Old Money, New Money Flee France and Its Wealth Tax

Denis Payre left for Belgium eight years ago to avoid a tax bill of almost $2.5 million. Taxation in France drives away entrepreneurs like Payre as well as family empires.
Denis Payre left for Belgium eight years ago to avoid a tax bill of almost $2.5 million. Taxation in France drives away entrepreneurs like Payre as well as family empires. (By Molly Moore -- The Washington Post)
By Molly Moore
Washington Post Foreign Service
Sunday, July 16, 2006

PARIS -- Denis Payre, a self-described French jet-setter, built a successful high-tech company from scratch, then decided to quit at age 34 to spend more time in France with his wife and young children.

Instead, Payre said, he was pushed into exile by the French government, which sent him a tax bill of nearly $2.5 million on paper assets he couldn't cash in.

"They were asking me to pay taxes on money I didn't have," Payre said. "I had no choice but to leave the country."

Payre, who moved his family to neighboring Belgium eight years ago, is today part of a sizable community of rich expatriate French driven out by the world's highest tax bills on wealthy citizens. The exodus continues: On average, at least one millionaire leaves France every day to take up residence in more wealth-friendly nations, according to a government study.

At a time when France is struggling to stay competitive in an increasingly integrated world, business leaders say the country can't afford to make refugees of some of its most established business families. They include members of the Taittinger champagne empire, the Peugeot auto magnates and leading shareholders of dominant retailers Carrefour and Darty. Also going are members of a new generation of high-tech entrepreneurs.

Socialist leaders and some government officials argue that the rich are merely trying to shirk their social responsibilities by fleeing the country with their millions.

"France is penalizing success in a big way," argued Payre, who is now 43 and has started a new company in Brussels that he said did nearly $32 million in business this year. "The loss in income for the government is the smallest part. The big issue is the loss of all that creative energy this country is dying for."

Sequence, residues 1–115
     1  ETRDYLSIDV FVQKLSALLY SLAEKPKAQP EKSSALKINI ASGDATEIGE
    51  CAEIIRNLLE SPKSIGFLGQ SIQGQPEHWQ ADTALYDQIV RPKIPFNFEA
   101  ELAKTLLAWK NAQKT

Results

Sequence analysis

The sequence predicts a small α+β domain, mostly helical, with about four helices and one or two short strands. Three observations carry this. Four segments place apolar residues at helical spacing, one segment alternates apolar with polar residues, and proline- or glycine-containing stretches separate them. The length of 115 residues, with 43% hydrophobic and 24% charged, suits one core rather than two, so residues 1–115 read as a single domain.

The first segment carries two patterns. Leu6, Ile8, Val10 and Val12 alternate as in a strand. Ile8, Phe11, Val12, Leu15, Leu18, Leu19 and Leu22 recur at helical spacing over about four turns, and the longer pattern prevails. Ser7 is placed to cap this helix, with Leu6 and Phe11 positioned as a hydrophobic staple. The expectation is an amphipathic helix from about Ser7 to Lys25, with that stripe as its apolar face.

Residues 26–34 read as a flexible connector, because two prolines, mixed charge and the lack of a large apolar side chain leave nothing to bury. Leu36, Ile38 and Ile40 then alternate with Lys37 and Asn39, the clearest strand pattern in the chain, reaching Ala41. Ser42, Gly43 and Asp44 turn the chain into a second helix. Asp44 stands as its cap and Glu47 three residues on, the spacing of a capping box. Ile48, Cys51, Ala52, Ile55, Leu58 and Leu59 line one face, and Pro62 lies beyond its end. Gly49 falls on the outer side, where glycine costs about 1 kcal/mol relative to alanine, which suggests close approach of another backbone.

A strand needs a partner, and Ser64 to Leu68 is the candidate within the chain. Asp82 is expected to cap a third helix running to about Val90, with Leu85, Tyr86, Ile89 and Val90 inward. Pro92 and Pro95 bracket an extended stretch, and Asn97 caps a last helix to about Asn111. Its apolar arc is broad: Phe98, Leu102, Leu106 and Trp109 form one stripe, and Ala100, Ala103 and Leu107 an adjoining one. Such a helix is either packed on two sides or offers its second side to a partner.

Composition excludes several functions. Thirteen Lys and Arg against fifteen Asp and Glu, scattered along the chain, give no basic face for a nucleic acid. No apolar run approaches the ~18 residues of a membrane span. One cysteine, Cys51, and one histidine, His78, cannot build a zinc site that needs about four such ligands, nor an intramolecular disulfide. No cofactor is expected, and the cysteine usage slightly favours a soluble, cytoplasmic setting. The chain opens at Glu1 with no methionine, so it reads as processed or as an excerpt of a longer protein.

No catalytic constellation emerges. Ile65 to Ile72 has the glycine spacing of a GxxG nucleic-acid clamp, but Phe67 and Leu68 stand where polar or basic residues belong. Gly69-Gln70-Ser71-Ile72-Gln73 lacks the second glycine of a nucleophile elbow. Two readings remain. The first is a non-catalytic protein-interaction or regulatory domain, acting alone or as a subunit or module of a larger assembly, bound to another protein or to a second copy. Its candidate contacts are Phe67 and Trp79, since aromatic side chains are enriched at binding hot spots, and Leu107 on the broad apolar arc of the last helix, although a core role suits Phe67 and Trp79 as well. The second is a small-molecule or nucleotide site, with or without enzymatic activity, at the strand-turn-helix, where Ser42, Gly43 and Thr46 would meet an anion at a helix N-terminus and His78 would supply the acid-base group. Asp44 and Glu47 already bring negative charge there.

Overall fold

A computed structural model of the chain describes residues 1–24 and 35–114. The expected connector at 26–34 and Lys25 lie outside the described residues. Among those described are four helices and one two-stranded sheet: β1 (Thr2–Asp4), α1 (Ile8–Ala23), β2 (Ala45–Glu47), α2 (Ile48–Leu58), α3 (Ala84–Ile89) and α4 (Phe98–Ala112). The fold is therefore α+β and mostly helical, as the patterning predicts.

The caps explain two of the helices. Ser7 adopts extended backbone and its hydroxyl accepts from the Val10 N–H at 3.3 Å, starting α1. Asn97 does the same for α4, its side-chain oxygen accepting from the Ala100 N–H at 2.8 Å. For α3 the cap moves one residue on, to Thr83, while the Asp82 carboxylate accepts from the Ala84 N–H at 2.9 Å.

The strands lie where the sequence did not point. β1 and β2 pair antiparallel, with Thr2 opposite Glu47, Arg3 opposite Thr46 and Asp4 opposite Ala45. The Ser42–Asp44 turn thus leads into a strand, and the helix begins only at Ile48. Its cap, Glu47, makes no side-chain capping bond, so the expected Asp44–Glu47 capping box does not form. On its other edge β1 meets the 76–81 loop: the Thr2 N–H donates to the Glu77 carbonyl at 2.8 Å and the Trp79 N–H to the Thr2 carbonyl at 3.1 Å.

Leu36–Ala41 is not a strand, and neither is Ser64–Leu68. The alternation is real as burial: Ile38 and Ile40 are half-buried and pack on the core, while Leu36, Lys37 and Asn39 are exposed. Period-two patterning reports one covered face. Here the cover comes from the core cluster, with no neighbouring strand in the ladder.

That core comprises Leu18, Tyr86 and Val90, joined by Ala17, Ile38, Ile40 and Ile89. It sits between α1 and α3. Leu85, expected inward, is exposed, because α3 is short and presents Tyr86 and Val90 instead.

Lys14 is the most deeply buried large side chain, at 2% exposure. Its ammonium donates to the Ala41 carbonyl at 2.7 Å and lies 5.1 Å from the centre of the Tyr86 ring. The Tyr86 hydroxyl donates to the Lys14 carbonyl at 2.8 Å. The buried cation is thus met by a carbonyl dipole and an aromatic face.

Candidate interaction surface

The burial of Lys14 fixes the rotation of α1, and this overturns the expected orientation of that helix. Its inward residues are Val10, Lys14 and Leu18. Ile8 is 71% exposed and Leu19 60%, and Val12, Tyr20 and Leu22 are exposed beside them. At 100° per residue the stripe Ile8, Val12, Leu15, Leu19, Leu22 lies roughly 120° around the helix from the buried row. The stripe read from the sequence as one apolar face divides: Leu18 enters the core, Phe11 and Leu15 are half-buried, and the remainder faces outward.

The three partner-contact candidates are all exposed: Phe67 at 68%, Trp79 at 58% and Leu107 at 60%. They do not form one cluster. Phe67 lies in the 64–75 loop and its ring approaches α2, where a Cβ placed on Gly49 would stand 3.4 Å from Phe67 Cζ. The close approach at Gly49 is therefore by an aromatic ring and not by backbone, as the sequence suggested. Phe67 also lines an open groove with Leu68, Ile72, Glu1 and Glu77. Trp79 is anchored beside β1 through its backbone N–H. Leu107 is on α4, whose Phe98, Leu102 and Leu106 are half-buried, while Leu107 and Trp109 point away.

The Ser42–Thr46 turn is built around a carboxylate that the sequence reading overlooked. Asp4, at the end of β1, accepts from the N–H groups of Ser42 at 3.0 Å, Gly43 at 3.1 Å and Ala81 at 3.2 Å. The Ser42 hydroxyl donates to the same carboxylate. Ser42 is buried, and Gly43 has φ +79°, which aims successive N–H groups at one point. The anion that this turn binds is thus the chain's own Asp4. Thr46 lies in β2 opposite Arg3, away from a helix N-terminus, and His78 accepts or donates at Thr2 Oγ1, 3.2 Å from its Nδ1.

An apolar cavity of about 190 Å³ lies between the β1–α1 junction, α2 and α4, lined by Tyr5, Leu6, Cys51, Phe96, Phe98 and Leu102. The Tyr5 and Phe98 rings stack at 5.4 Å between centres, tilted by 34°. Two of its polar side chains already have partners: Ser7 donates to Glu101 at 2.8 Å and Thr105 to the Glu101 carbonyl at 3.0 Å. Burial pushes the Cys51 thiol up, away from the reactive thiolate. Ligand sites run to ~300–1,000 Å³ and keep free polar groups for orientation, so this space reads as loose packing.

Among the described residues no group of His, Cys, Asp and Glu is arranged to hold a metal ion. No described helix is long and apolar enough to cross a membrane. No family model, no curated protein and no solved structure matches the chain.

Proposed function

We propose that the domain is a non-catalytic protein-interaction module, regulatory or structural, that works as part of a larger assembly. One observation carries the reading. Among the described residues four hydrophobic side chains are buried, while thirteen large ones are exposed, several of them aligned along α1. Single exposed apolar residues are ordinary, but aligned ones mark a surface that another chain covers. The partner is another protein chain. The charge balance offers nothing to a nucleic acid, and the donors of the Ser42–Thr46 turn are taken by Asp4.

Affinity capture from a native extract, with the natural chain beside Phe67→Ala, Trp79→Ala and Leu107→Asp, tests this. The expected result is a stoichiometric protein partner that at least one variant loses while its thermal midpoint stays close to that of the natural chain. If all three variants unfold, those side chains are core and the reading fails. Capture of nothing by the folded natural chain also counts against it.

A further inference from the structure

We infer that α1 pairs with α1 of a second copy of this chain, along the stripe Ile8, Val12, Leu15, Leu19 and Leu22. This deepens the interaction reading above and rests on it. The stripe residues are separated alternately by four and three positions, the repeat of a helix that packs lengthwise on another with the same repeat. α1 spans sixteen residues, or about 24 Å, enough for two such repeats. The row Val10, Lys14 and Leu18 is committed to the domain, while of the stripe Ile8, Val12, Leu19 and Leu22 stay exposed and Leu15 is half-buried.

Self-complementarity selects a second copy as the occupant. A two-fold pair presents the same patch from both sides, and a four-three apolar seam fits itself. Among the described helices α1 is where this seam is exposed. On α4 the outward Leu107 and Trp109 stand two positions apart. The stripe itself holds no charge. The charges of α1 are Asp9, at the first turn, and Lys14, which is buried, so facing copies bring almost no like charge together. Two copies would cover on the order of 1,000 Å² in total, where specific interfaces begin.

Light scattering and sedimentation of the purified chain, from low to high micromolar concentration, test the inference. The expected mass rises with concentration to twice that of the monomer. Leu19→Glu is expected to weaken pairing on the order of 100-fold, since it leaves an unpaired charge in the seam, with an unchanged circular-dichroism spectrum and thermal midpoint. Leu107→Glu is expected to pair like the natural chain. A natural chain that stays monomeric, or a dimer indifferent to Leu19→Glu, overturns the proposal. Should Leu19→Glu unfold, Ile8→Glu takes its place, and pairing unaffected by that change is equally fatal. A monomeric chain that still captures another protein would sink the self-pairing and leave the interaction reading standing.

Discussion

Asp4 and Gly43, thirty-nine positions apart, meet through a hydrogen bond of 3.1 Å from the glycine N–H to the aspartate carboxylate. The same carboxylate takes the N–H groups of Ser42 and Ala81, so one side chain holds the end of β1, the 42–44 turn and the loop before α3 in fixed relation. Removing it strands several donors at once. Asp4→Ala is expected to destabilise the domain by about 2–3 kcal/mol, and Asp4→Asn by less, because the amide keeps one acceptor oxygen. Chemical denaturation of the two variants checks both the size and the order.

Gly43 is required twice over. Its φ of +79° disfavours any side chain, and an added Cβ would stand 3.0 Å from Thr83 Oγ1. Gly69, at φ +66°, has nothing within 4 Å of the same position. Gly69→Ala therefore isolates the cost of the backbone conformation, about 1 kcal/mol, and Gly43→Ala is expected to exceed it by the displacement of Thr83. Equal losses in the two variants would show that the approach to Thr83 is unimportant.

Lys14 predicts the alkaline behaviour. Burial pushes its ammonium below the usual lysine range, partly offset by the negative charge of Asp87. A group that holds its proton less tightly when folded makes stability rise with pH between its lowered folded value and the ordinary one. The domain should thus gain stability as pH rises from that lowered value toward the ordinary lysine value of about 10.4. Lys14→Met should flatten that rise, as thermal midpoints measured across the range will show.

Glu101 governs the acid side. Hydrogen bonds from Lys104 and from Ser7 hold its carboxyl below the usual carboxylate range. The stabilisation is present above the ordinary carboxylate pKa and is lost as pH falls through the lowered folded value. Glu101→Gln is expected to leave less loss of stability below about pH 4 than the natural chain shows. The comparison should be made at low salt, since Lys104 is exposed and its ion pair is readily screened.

Payre said that when he decided to leave his high-tech company, Business Objects, in 1997, he owned shares that were worth $110 million -- on paper. French tax authorities required Payre to pay a wealth tax of 2.2 percent on the shares, based on what the shares would have been worth had he sold them at the market's highest point.

But Payre said that he didn't have access to them because of stock market regulations that limited his ability to sell and that, in any case, a market dip had devalued the shares below that peak.

The wealth tax -- officially called the solidarity tax -- is collected on top of income, capital gains, inheritance and social security taxes. It's part of the reason France consistently ranks at the top of Forbes magazine's annual Tax Misery Index -- a global listing of the most heavily taxed nations.

Wealthy citizens' tax bills can be higher than their incomes, according to tax analysts. President Jacques Chirac's government attempted to rectify that disparity last year with changes intended to guarantee that no one would pay more than 60 percent of income in taxes. But many businesspeople say actual maximum tax rates still hover at around 72 percent.

France's tax structure is more than a means of supporting the nation's expensive cradle-to-grave social services. It is deeply rooted in the nation's history and psyche, dating to the French Revolution of 1789, when impoverished peasants overthrew an obscenely wealthy aristocracy and sent many of its members to the guillotine.

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